High-redshift cosmology with oxygen lines from H$\alpha$ surveys
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(2020)cite arxiv:2001.04473Comment: 9 pages, 6 figures, 2 tables; comments welcome.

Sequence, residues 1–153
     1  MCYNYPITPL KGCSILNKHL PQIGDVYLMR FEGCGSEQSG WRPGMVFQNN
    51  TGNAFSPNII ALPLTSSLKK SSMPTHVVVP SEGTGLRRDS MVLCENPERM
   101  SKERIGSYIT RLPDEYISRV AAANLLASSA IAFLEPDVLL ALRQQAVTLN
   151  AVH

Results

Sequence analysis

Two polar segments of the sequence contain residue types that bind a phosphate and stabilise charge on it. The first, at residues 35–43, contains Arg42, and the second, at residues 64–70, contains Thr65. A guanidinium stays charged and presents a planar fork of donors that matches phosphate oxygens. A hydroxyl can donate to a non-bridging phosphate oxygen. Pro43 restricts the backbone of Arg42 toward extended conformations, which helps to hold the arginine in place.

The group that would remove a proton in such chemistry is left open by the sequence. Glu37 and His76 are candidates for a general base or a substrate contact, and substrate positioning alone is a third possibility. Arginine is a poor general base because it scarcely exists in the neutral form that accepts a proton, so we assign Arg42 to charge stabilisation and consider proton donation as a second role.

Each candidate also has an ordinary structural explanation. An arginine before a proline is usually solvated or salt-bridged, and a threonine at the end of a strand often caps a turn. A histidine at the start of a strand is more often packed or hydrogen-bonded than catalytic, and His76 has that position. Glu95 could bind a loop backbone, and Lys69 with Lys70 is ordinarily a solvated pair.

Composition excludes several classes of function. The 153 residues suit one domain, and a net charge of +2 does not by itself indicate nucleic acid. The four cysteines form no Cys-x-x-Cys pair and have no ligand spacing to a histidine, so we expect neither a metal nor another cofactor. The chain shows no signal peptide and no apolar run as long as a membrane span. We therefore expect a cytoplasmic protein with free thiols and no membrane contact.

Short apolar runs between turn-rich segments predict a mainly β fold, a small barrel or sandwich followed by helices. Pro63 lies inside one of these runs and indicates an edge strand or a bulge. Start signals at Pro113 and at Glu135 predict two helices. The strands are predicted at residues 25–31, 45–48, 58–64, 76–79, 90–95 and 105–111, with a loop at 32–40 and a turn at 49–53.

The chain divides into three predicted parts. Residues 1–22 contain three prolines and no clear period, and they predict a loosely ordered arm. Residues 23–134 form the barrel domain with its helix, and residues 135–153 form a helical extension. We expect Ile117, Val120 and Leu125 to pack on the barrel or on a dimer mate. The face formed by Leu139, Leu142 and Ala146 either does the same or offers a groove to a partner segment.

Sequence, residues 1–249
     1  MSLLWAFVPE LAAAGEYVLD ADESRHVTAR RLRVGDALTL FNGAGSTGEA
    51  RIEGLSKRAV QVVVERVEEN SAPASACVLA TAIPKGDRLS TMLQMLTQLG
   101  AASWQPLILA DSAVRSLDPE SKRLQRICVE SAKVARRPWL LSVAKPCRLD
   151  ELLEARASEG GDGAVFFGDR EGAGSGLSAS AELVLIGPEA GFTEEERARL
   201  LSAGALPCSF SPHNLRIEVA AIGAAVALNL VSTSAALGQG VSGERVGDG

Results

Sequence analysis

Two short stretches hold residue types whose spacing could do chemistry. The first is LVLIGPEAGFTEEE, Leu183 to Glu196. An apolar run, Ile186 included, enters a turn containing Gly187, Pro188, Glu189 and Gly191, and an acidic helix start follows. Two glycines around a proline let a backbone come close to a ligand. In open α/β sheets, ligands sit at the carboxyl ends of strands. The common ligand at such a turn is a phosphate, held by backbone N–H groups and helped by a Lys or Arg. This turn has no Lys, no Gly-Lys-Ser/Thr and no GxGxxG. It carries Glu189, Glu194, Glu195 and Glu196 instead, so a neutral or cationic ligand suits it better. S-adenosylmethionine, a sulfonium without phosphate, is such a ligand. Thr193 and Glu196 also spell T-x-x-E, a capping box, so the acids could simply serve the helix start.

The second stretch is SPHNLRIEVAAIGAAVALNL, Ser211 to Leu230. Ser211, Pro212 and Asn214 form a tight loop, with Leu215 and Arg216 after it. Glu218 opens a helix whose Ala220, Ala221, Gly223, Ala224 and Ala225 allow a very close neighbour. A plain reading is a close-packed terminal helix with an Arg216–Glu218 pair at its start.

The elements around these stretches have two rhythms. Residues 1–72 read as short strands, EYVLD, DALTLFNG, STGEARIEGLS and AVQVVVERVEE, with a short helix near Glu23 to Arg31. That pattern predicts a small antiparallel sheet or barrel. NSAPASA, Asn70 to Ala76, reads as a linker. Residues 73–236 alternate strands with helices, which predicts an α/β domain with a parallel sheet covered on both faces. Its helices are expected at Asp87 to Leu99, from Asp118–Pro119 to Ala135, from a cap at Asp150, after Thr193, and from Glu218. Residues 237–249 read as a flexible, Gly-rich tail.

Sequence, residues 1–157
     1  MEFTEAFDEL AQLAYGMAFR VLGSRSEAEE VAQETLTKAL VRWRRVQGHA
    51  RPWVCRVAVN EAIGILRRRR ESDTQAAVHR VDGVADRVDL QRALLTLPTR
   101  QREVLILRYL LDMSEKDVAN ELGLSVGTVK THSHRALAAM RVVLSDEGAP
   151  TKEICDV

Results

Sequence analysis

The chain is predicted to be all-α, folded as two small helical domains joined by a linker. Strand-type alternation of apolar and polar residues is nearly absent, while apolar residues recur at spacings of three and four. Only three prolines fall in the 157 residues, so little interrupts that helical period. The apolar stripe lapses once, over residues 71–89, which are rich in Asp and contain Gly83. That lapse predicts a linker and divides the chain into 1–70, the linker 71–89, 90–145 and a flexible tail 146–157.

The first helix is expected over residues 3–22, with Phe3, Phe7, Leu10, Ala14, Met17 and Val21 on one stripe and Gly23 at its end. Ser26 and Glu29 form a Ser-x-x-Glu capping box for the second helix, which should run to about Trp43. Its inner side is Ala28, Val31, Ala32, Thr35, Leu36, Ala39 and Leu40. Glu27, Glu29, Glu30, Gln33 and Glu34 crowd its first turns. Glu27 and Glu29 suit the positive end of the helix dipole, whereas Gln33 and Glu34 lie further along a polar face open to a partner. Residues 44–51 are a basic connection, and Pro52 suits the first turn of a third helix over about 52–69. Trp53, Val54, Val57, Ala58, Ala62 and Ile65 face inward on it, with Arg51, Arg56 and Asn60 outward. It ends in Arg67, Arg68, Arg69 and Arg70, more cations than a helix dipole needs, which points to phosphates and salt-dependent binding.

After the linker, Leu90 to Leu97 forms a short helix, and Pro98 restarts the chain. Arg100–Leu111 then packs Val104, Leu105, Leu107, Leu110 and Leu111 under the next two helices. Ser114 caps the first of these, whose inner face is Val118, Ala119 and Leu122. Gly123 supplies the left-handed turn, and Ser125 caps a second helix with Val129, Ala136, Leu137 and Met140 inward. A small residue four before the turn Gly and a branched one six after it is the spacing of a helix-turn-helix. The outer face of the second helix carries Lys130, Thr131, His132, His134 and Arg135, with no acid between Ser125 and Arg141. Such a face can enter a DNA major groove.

A new generation of cosmological experiments will spectroscopically detect the H$\alpha$ line from emission-line galaxies (ELGs) at optical/near-infrared frequencies. Other emission lines will also be present, which may come from the same H$\alpha$ sample or constitute a new galaxy sample altogether. Our goal is to assess the value, for cosmological investigation, of galaxies at $z\gtrsim2$ present in H$\alpha$ galaxy surveys and identifiable by the highly redshifted ultra-violet and optical lines - namely the OII line and the OIII doublet in combination with the H$\beta$ line. We use state-of-the-art models of luminosity functions of astrophysical spectral lines to estimate the volumetric number density of OIII+H$\beta$ and OII ELGs. We focus on a wavelength range which will be covered by planned cosmological surveys. We study the constraining power of these high-redshift galaxy samples on cosmological parameters such as the amplitude of baryon acoustic oscillations, $H(z)$, $D_A(z)$, $f\sigma_8(z)$, and $b\sigma_8(z)$ for different survey designs. We present a strong science case for extracting the OIII+H$\beta$ sample, which we consider as an independent probe of the Universe in the redshift range 2 to 3. Moreover, we show that the OII sample can be used to measure the baryon acoustic oscillations and the growth of structures above $z=3$; albeit it may be shot-noise dominated, it will nonetheless provide valuable tomographic information. Summarising, we discuss the scientific potential of a sample of galaxies which, so far, has been mainly considered as a contaminant in H$\alpha$ galaxy surveys. Our findings indicate that planed H$\alpha$ surveys should include the extraction of these oxygen-line samples in their pipeline, to enhance their scientific impact on cosmology.
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